What do I mean by that, and how do I intend to achieve it?
Well, first and foremost, at a time when budgets are very tight everywhere, the Commission is proposing more money for science. We have proposed an increase from 55 billion euro in the current seven-year budget, to 80 billion euro in the next one, to fund our new research and innovation programme, Horizon 2020.
But, as you would expect in these difficult times, negotiations on the next EU budget will be very tough. Not everyone is convinced that the 80 billion euro for Horizon 2020 is justified, far from it. And national budgets for science are also now at risk. It really is a battle to maintain the central place of science in European Society. To put science at the heart of Europe. So, I'm issuing a call to arms. Please get out there and make the case. Please make your voices heard!
How do we propose to spend the money, if we manage to secure it?
The first pillar of Horizon 2020 is the promotion of excellent, curiosity-driven research. We are proposing to double the funding for the incredibly successful European Research Council (ERC).
I want to pay tribute to the ERC which, in its first five years, has already helped more than 2,500 top researchers to follow their instincts.
It's hard to believe that an organisation as young as this has already established such an enviable reputation worldwide.
It's a truly impressive achievement.
The second part of the programme will drive the development of new, sustainable production processes and support young, innovative enterprises.
In the third part of the programme, funding will be challenge-based, not thematic. This will allow us to bring together research and knowledge across different fields, technologies and disciplines, including the social sciences and humanities, to really make a dent on these big problems we face.
I admit that this will be a programming challenge; it won't be business as usual; but we are determined to do it.
Horizon 2020 will be complemented by the new framework for the European Research Area (ERA), a single market for ideas in Europe.
The Commission will adopt it in just a few days time. I can't reveal everything now, but its aims can be summed up in one word: excellence.
ERA will generate excellence by opening up national funding to pan-European competition, and at the same time, increasing cross-border co-operation.
That's what excellent scientists want – to compete and cooperate.
To facilitate this, we will focus on a small number of very concrete 'big ticket' items for ERA, such as making it easier to strategically align funding from different Member States, improving researchers' careers and mobility and giving them access to world-class scientific infrastructures.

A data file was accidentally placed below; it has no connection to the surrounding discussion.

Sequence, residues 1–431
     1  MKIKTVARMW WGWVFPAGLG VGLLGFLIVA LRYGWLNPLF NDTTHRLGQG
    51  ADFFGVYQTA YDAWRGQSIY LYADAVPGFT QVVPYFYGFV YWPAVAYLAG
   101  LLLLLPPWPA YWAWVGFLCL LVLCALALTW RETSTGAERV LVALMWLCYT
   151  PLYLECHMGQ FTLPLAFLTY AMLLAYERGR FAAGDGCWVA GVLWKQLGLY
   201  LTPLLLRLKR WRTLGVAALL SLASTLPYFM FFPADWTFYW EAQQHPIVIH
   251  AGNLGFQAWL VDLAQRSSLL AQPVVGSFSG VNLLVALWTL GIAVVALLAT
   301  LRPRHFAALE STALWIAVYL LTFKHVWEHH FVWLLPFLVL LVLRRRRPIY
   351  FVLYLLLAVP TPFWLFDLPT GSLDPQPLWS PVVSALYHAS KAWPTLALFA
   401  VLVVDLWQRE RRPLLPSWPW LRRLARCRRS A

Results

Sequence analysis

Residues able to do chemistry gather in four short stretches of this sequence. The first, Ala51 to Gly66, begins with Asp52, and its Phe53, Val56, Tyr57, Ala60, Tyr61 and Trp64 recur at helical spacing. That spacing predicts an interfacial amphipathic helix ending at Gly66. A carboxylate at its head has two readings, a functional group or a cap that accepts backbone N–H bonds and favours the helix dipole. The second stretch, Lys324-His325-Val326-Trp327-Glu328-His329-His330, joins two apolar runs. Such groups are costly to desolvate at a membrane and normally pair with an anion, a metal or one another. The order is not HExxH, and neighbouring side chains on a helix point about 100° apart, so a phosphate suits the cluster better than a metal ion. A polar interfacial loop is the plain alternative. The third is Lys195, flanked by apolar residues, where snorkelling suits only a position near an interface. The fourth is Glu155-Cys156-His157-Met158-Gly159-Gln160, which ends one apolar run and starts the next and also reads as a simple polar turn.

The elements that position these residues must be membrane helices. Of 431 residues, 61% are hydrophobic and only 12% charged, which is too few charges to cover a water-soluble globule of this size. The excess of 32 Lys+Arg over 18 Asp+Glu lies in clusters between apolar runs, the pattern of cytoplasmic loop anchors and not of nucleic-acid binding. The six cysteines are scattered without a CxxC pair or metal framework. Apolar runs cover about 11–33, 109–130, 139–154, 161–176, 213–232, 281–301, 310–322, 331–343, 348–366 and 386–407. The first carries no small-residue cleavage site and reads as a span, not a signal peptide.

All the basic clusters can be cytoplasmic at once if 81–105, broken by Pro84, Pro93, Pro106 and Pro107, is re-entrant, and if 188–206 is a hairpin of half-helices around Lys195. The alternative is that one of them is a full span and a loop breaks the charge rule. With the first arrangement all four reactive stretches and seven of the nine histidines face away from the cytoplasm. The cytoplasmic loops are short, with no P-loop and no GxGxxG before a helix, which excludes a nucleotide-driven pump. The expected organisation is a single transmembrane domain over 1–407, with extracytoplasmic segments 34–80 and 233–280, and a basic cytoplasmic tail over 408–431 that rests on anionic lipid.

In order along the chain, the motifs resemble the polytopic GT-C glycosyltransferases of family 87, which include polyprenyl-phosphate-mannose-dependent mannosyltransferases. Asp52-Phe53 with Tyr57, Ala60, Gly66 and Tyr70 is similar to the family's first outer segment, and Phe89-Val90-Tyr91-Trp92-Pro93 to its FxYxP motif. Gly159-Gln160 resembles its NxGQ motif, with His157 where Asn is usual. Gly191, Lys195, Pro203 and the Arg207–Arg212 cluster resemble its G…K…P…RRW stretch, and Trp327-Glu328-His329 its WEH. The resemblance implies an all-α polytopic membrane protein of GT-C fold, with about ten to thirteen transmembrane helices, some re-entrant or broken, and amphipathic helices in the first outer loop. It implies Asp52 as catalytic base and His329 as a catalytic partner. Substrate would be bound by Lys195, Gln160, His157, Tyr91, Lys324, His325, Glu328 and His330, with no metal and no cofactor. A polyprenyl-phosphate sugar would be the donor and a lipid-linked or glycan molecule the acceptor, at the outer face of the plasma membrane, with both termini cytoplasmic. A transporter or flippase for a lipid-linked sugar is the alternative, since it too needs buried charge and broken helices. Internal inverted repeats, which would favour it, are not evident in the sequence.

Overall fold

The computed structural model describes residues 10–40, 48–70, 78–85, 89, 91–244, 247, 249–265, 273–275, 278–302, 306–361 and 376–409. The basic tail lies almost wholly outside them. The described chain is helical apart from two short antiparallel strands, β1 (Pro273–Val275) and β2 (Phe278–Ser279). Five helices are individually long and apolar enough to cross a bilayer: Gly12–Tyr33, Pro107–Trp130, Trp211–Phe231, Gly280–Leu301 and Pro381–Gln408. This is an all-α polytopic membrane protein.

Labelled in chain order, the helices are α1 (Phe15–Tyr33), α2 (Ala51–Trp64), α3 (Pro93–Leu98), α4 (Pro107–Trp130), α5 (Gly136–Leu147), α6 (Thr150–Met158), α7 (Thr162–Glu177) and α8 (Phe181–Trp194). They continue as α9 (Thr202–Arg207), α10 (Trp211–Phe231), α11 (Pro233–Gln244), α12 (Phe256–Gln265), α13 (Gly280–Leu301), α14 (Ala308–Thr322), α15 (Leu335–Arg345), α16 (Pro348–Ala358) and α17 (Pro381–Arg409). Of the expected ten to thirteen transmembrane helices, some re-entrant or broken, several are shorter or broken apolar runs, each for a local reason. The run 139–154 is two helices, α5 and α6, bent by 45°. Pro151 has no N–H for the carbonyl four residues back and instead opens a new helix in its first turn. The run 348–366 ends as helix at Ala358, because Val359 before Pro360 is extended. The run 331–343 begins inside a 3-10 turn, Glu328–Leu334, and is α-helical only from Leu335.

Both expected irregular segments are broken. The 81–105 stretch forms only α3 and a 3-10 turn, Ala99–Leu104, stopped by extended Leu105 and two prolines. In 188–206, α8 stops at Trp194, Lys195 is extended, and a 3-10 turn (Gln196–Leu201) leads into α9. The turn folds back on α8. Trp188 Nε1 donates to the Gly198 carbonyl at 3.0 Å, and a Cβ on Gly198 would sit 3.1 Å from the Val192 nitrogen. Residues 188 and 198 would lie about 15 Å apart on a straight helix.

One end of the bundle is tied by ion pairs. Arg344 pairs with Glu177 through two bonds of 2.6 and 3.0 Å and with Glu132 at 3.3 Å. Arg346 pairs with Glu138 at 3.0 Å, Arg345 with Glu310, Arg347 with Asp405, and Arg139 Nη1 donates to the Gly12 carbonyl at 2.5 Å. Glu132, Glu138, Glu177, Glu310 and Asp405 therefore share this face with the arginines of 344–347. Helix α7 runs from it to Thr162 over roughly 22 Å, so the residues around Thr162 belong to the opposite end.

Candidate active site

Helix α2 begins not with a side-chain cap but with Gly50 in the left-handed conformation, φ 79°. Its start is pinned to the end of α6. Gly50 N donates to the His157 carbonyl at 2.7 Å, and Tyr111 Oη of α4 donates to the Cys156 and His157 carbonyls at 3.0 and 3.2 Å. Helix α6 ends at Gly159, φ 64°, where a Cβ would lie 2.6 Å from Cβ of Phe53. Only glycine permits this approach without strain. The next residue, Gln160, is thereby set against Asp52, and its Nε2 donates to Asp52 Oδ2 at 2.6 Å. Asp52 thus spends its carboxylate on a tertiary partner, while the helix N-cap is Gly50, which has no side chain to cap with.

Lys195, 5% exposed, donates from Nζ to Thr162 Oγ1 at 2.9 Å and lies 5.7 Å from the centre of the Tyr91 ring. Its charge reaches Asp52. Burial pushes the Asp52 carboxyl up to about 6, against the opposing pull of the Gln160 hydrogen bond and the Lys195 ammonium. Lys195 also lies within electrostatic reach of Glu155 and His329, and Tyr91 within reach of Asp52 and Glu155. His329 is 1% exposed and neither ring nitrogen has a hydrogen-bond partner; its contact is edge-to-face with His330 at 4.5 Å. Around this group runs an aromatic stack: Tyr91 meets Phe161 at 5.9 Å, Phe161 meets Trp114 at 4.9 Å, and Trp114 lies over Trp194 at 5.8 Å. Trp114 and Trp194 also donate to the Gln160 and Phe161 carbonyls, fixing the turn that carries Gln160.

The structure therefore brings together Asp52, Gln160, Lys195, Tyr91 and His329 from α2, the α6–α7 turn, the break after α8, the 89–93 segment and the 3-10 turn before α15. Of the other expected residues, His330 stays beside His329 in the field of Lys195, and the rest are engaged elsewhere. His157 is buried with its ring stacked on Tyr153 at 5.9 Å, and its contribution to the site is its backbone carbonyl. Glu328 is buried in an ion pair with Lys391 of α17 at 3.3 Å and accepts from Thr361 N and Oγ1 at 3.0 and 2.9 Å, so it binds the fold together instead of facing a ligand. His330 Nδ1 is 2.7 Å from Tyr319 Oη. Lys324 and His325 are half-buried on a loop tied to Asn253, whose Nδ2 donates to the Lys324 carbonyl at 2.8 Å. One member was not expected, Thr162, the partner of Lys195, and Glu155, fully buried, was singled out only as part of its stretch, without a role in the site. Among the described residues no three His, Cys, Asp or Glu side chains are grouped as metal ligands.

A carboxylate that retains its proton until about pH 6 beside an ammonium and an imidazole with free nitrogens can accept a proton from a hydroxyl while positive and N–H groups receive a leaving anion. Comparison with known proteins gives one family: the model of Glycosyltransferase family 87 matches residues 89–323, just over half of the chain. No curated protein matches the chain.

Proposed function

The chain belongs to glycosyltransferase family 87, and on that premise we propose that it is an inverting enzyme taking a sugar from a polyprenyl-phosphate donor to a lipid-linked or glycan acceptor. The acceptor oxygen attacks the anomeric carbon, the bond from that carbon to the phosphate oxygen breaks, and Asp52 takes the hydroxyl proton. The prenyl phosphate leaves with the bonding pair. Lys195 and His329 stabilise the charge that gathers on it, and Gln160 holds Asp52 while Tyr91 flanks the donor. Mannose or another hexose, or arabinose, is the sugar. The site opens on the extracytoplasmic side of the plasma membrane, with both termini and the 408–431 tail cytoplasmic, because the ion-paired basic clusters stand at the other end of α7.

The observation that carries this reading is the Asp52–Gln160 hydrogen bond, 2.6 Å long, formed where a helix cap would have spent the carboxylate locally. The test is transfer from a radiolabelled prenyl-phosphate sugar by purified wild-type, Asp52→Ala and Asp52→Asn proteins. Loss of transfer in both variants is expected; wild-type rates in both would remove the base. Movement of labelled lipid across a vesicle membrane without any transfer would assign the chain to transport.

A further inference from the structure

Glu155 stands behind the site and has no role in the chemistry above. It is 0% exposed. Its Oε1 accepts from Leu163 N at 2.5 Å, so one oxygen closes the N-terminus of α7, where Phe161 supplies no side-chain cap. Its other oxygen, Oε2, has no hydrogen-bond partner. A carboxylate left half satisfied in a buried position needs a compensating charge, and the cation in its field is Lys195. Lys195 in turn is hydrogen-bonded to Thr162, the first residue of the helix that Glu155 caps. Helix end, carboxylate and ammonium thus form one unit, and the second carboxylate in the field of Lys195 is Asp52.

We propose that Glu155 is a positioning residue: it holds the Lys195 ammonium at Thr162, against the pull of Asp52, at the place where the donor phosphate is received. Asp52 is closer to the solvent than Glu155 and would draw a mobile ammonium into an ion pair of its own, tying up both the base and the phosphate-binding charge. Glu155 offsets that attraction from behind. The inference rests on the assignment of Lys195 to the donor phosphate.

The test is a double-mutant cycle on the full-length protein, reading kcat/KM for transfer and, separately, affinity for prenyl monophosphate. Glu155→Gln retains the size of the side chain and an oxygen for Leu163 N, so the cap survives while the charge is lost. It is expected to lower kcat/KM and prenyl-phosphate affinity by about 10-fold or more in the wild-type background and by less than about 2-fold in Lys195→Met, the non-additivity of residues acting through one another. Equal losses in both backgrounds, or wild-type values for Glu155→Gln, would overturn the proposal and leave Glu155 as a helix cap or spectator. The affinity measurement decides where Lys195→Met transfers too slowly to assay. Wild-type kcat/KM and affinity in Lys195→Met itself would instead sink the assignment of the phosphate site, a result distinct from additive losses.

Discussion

Another important strand of ERA will be open access, which we have made the default setting in Horizon 2020. We believe that the results of publicly funded research should be freely available.
ERA will be based on a smarter, sharper, much more focused partnership, involving primarily Member States, but also research stakeholders.
That's important because, in some areas, these stakeholders enjoy a degree of autonomy, and so are well placed to achieve some of the changes we want.
I need all the key stakeholders - universities, research and technology organisations, and research funding organisations – to line up behind ERA.
ERA is synonymous with excellence. It will put Europe at the heart of science. We need to build it together.
Ladies and gentlemen,
Before I end, there are three questions that I would like to put to the other members of the panel:
First competition and collaboration. I referred to this earlier. Both are necessary for scientific progress. Physicists and engineers from 85 countries collaborated at CERN, but there was competition between the two experiments – Atlas and CMS – and within them!
We need to understand how countries decide when to co-operate and when to compete.
There are technical barriers to co-operation; ERA aims to eliminate these.
But, in the end, it is about political will and mutual trust.
How do you think we can promote these, Torsten?
And Subra, where should we be co-operating more at international level?
The second question relates to co-operation between industry and academia. The Commission is strengthening this through the European Institute of Innovation and Technology, the EIT. I am keen to do more on this in the second half of my mandate; I'd welcome your thoughts on it, John.
But, as we strengthen these links, can conflicts of interest arise? Do we need to do more to protect academic integrity?
Is there a danger that these conflicts of interest could undermine public trust in science and scientists?
I've already said that it is the scientific method which gives scientists their credibility. But we need to be certain that they are rigorously applying it, that they are almost disinterested in the results of their research, their only interest being the discovery of the truth.
This brings me to my final question.
As I said earlier, science drives progress. This idea dates from the Enlightenment. But human history has also shown us that technology can be used for bad, as well as good, purposes.
And today, we are seeing the emergence of technologies, such as synthetic biology, which arouse public concerns.
These concerns cannot simply be dismissed.
For me, the key issue is risk literacy. People need to be able to assess both the potential benefits and the potential risks of emerging technologies, and then on this basis, to come to their own, informed view.
And, of course, scientists need to get better at communicating their results to their fellow citizens. So, how can we achieve this?
Ladies and gentlemen,
Last week's announcement from CERN was a magnificent moment. Amid the economic difficulties, it gave us inspiration. It made me proud to be the Commissioner whose job it is to promote science.
Our task now is to persuade everyone else of the centrality of science.
Let's put science back where it belongs - at the heart of Europe.
Let's put Europe where it belongs – at the heart of world science.